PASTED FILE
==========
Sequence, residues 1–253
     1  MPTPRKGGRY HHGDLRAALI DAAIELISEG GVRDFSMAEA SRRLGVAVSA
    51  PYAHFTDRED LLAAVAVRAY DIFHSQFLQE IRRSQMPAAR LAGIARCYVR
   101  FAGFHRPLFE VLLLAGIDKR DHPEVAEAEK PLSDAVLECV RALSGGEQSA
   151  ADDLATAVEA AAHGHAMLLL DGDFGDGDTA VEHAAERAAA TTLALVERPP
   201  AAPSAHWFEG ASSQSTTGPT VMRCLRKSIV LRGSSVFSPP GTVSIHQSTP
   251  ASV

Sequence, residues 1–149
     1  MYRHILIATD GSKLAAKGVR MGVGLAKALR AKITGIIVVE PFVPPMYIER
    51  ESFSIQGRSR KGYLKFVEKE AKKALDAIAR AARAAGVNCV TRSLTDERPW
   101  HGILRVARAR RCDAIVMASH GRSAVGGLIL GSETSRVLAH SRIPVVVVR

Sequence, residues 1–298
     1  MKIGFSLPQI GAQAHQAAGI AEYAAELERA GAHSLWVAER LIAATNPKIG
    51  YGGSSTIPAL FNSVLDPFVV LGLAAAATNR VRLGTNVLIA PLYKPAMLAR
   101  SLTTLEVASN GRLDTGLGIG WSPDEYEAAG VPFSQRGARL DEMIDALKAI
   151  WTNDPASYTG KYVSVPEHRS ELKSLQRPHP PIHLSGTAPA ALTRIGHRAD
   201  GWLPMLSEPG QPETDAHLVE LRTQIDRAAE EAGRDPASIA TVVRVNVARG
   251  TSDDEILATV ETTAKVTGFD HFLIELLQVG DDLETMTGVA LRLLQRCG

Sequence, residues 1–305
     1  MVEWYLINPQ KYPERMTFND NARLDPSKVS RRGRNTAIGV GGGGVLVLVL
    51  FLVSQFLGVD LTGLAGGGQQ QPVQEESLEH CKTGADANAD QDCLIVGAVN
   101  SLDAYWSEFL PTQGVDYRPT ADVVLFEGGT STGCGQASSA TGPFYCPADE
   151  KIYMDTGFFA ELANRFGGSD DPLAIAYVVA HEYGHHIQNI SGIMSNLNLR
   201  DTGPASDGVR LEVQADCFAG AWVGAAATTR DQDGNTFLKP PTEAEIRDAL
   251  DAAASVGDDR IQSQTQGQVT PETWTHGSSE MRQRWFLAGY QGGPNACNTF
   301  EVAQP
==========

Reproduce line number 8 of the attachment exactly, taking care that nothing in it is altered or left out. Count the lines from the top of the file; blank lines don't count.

Sequence, residues 1–149